- Whipple AO, Parsons WB, Mullins CR. TREATMENT OF CARCINOMA OF THE AMPULLA OF VATER. Ann Surg 1935; 102:763.
- Cameron JL, Riall TS, Coleman J, Belcher KA. One thousand consecutive pancreaticoduodenectomies. Ann Surg 2006; 244:10.
- Watson K. Carcinoma of ampulla of vater successful radical resection. Br J Surg 1944; :368.
- Traverso LW, Longmire WP Jr. Preservation of the pylorus in pancreaticoduodenectomy. Surg Gynecol Obstet 1978; 146:959.
- Diener MK, Fitzmaurice C, Schwarzer G, et al. Pylorus-preserving pancreaticoduodenectomy (pp Whipple) versus pancreaticoduodenectomy (classic Whipple) for surgical treatment of periampullary and pancreatic carcinoma. Cochrane Database Syst Rev 2011; :CD006053.
- Birkmeyer JD, Sun Y, Wong SL, Stukel TA. Hospital volume and late survival after cancer surgery. Ann Surg 2007; 245:777.
- Fong Y, Gonen M, Rubin D, et al. Long-term survival is superior after resection for cancer in high-volume centers. Ann Surg 2005; 242:540.
- Duffy JP, Hines OJ, Liu JH, et al. Improved survival for adenocarcinoma of the ampulla of Vater: fifty-five consecutive resections. Arch Surg 2003; 138:941.
- Ryder NM, Ko CY, Hines OJ, et al. Primary duodenal adenocarcinoma: a 40-year experience. Arch Surg 2000; 135:1070.
- Ashley SW, Reber HA. The Whipple operation: The classical surgical procedure to treat chronic pancreatitis. Digestive Surgery 1996; 13:113.
- Patel AG, Toyama MT, Kusske AM, et al. Pylorus-preserving Whipple resection for pancreatic cancer. Is it any better? Arch Surg 1995; 130:838.
- Diener MK, Heukaufer C, Schwarzer G, et al. Pancreaticoduodenectomy (classic Whipple) versus pylorus-preserving pancreaticoduodenectomy (pp Whipple) for surgical treatment of periampullary and pancreatic carcinoma. Cochrane Database Syst Rev 2008; :CD006053.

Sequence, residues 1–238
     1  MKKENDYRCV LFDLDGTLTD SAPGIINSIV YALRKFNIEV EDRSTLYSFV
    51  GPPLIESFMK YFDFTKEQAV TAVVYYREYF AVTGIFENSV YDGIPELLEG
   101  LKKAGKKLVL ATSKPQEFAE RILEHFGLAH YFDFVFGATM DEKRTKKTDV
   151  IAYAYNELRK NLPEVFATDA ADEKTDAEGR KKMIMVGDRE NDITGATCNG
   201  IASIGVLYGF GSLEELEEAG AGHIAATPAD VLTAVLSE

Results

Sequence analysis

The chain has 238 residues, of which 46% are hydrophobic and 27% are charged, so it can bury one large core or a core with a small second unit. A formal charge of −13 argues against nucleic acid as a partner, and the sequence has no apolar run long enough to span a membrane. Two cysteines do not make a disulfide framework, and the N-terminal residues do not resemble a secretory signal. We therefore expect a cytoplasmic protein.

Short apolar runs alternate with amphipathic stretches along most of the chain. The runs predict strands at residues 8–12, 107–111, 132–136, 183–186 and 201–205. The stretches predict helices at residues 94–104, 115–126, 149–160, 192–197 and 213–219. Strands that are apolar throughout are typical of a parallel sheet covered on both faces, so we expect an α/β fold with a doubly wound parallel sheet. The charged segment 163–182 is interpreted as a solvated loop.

- MILLBOURN E. On the excretory ducts of the pancreas in man, with special reference to their relations to each other, to the common bile duct and to the duodenum. Acta Anat (Basel) 1950; 9:1.
- Hines OJ, Reber HA. Technique of pancreaticojejunostomy reconstruction after pancreaticoduodenectomy. J Hepatobiliary Pancreat Surg 2006; 13:185.
- PATIENT SELECTION AND PREPARATION
- PANCREATIC ANATOMY AND PHYSIOLOGY
- Ductal anatomy
- Neurovascular supply
- SUMMARY OF SURGICAL STEPS
- Assessment of metastatic disease
- Mobilization of the duodenum and pancreatic head
- - Identification of the superior mesenteric vein (SMV)
- Mobilization of the stomach and proximal duodenum
- - Transection of the proximal duodenum or stomach
- Skeletonization of the portal structures
- - Cholecystectomy and division of the bile duct
- Mobilization and division of the proximal jejunum
- Transection of the pancreatic neck
- - Division of attachments to the SMV, SMA, and PV
- Gastrointestinal reconstruction
- - Pancreatic anastomosis
- - Biliary anastomosis
- - Duodenal anastomosis
- Drains and closure
- POSTOPERATIVE CARE AND FOLLOW-UP
- INFORMATION FOR PATIENTS
- SUMMARY AND RECOMMENDATIONS